• Hisham Matar on the Migratory Fictions of Joseph Conrad

    The Author of The Return Reconsiders the Story, “Amy Foster”

    Joseph Conrad was not a man who came at things directly. Nearly every story he wrote was rendered through a filter. He had a passion for subjectivity, for the half visible detail. He was fascinated by the vicissitudes of partially known facts, believing always that by merely standing to look at a situation one cannot help but cast one’s own shadow on the scene.

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    If indeed there exists a dynamic relationship between our nature and our autobiography, that we are both authored by the facts of our life but also the authors of those facts, then the strange life and times of Joseph Conrad did nothing to protect him from his tendency to privilege the subjective point of view and to eventually lose faith all together in any sense of a unitary perspective.

    After all, to come at things directly, one would have to be from the place, a native, confident of shared assumptions, enjoying the unbroken line, permitted to walk into certain rooms without knocking. But well before he ever sat to write a story, Conrad had lived several lives and from within different languages. First, his native Polish; then French, in which he contemplated writing and continued to write letters in till the very end; and, finally, English, the language he learnt in his twenties and from which he would sculpt some of the most remarkable works of literature ever written.

    He was born Józef Teodor Konrad Korzeniowski, on the 3rd of December, 1857, into a prominent Polish family. His mother, Ewa Bobrowska, died of tuberculosis when he was just seven. His father, Apollo Korzeniowski, was a noted figure, a man of letters devoted to the cause of Polish national liberation. Young Conrad had to endure his father’s obsessions. Allegedly, the first lullaby Korzeniowski ever sang to his son recounted the suffering of the motherland. The Russian authorities arrested and imprisoned him more than once, before he was sent, together with his son, into exile, where he died of poor health at the age of forty-nine, making of Conrad an orphan at eleven.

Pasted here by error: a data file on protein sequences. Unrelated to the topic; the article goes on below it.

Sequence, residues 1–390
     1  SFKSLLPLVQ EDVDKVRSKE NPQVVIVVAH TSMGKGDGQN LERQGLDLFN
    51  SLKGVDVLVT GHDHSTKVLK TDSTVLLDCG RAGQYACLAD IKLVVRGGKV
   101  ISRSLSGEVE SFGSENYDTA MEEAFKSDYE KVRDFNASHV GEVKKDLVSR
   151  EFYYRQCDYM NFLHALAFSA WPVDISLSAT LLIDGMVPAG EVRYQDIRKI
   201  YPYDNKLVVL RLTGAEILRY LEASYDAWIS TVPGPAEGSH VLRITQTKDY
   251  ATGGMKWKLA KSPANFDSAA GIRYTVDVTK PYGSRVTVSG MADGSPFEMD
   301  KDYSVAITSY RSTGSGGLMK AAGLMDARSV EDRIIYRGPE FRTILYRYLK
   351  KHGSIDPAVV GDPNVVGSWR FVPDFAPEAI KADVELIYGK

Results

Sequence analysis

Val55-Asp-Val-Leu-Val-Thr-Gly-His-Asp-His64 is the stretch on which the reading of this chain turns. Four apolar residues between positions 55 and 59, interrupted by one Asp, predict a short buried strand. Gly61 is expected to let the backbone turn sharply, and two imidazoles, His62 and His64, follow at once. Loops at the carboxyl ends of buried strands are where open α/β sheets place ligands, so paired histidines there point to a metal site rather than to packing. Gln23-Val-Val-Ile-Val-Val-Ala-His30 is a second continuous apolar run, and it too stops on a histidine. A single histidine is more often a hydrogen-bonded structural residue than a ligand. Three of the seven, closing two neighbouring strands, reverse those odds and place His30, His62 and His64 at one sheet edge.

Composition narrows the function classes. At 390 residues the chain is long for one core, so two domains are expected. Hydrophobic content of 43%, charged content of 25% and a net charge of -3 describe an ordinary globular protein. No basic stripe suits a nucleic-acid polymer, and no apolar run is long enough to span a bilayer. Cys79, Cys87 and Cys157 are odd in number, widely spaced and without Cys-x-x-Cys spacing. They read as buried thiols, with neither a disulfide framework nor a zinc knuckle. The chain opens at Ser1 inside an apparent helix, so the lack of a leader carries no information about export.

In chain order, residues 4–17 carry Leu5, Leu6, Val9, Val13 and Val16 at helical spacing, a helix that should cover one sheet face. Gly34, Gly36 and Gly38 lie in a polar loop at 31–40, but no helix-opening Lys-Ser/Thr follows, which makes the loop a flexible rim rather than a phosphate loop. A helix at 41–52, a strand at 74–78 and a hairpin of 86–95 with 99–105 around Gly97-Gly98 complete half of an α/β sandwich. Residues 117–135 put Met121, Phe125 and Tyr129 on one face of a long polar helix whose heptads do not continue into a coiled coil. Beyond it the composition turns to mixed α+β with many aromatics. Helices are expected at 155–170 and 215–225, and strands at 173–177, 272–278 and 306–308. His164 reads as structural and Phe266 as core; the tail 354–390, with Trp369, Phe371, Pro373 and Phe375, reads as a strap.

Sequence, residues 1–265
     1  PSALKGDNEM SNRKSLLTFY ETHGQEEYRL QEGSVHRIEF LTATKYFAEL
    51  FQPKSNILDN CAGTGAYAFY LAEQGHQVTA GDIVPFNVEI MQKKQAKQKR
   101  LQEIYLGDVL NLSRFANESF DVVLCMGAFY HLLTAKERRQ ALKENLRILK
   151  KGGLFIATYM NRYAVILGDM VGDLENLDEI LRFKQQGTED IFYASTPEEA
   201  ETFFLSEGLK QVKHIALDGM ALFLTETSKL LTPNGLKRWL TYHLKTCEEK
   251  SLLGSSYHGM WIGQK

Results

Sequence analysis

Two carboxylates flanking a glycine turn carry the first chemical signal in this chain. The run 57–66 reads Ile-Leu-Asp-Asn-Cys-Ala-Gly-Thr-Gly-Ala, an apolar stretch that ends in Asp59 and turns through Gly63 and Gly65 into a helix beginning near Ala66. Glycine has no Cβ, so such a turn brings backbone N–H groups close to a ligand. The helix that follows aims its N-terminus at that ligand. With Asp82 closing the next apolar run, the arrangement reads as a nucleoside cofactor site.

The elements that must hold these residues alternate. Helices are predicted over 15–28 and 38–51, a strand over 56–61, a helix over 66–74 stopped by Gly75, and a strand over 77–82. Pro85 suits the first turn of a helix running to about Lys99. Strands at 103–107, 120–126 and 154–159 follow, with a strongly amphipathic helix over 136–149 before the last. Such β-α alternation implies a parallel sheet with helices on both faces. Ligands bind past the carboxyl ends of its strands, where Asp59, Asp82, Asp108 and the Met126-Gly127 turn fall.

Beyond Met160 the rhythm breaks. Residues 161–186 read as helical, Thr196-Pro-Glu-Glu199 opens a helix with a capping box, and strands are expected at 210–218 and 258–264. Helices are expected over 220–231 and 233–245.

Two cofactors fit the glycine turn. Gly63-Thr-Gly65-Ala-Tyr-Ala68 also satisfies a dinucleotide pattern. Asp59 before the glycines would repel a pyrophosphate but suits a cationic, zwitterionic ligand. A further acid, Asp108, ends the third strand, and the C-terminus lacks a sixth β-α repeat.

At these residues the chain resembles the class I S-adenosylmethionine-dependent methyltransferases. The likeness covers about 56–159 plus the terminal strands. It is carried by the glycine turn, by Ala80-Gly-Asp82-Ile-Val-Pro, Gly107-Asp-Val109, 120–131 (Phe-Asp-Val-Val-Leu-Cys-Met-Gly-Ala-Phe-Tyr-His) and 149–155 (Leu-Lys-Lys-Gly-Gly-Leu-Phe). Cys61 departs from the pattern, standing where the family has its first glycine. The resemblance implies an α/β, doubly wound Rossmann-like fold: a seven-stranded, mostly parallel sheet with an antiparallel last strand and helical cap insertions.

A father like that, at once monumental and fragile, a revolutionary but also a sensitive poet, the author of several plays—he had also translated Victor Hugo, Charles Dickens and William Shakespeare—and, most consequentially for his son, was a victim of an injustice and therefore an open wound, would have cast a very long and troubling shadow over Conrad’s life. And the young boy, who undoubtedly even then must have been a great observer, would have watched at close quarters the downfall of his father and been deeply affected by it. One would assume the experience bound him irredeemably to Poland.

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    But, in fact, one of Joseph Conrad’s perhaps strangest and greatest achievements, which helped form his work, not least of all “Amy Foster,” is the extent to which the man and the artist managed to leave much of the past behind, or else bury it so deep that whenever its light appeared, it came out diffuse and deflected, touching us not because of its cultural or geographical or even historical particularities—although it is not short on all these—but rather because of the way he makes room for us in his stories, places where the imagination can settle and roam.